A lot of anglers equate smallmouths with rock and gravel bottoms in the summer, but they shouldn’t overlook weeds. Depending on the time of year and available forage, smallmouths will feed in vegetation just as heavily as largemouths.
First, if the school you’ve marked in a certain place – say, a long underwater bar or stretch of vertical ledge – isn’t there next time, the fish are likely to be somewhere in the range of maybe 50 yards in any direction from where you waypointed them in the first place. You idle around using your StructureScan until you relocate them, then make a few casts and try to get them fired up.
It’s July, and time to deal with some of the hottest weather of the year. Whenever surface temperatures start bumping the upper 80s, it can make fishing tough. Unless I’m fishing a lake where ledge fishing is about the only game in town, I look for the thickest cover I can find, wherever I can find it.
There’s a topwater bite all summer somewhere on the lake you fish; it’s just a matter of finding it. There might not be enough topwater fish to win a tournament, but it’s a lot of fun, especially if you’re just out fishing for the heck of it. Topwater fishing in the summer is all about the baitfish.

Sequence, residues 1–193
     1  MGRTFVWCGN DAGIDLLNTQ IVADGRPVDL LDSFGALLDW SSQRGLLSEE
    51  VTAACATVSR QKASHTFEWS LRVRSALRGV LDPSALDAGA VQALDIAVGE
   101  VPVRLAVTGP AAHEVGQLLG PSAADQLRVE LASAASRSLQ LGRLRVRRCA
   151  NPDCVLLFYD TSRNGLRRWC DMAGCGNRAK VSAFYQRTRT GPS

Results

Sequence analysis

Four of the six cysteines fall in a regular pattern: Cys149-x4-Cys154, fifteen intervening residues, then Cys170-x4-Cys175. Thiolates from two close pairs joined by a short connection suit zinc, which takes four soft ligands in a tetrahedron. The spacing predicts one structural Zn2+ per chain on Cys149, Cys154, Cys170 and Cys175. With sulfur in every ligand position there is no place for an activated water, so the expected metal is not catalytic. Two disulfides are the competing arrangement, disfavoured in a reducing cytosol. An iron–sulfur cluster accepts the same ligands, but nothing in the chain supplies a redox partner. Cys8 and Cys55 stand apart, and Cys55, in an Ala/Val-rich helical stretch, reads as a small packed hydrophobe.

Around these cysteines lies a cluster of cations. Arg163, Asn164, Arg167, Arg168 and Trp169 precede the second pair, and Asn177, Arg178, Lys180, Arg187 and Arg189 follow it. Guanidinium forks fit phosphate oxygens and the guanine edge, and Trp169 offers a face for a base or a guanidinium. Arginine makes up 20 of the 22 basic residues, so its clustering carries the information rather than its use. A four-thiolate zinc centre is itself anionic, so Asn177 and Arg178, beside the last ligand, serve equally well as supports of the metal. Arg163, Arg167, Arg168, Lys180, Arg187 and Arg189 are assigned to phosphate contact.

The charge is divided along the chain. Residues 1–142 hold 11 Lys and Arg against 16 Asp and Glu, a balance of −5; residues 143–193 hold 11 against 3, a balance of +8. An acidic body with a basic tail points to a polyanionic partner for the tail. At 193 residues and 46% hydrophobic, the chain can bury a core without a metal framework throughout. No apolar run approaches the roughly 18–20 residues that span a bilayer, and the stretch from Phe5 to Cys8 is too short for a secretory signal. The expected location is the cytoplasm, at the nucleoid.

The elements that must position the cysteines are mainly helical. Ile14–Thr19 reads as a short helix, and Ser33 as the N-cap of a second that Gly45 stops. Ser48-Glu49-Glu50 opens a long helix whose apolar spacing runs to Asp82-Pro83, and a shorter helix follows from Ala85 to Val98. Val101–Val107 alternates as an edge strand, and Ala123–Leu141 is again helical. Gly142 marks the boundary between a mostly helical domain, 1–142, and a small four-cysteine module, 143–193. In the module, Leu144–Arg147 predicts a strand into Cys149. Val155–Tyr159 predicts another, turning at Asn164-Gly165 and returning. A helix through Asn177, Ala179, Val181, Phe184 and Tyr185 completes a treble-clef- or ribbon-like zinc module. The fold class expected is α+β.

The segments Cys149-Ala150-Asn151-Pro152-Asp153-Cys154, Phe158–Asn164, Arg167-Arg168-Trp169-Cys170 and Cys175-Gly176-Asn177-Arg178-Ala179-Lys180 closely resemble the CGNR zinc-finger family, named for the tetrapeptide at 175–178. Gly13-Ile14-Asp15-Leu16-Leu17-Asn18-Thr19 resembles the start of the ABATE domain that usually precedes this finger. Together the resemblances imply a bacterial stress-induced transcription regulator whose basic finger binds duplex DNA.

Go Subtle for Pressured Ledge Bass
What I use to fish a ledge usually depends on the time of the year and my judgment on how much the bass have been pounded.
Finding the right angle for ledge bass
The best part of the ledge-fishing season is when bass first move out in late spring and early summer. The fish aren’t pressured too much yet so they’re not hugging the bottom and they’re more aggressive. When I find fish on a ledge, the first thing I’ll do is move to the outside and cast a crankbait in over the fish.
Go shallow for drop-shot bass
Drop-shot rigs are popular for when bass are holding in deep cover or suspended offshore, but I have found they will work very well in shallow water too. I like to fish them around grass or boat docks, or anywhere there are fish from the prespawn to the postspawn time.
Cheez-It pro Shinichi Fukae
Sizing up shad spawns
The shad spawn is going on in a lot of lakes now, probably later than usual because of the cold winter and cooler spring. Typically, the shad spawn occurs during or just after the bass spawn, when the water temperature rises into the low 70s. Because a shad spawn is a bass magnet, this is the time of year when you want to draw an early flight in a tournament.
Frogs are on the menu
One misconception that a lot of fishermen have about frog fishing is that it’s an early morning deal for really shallow water. Actually, it will work in water as deep as 10 feet, and it will work all day if the conditions are right.
Pop the Top for Springtime Bass
Walking baits have their time and place, but I don’t think you can beat a popper at this time of the year, when the spawn is going full-bore in a lot of lakes. When bass are bedding or have just finished, working a popper over their heads is the best way to get bit. It’s a slower presentation and good for situations where you’re casting at a target such as under a dock.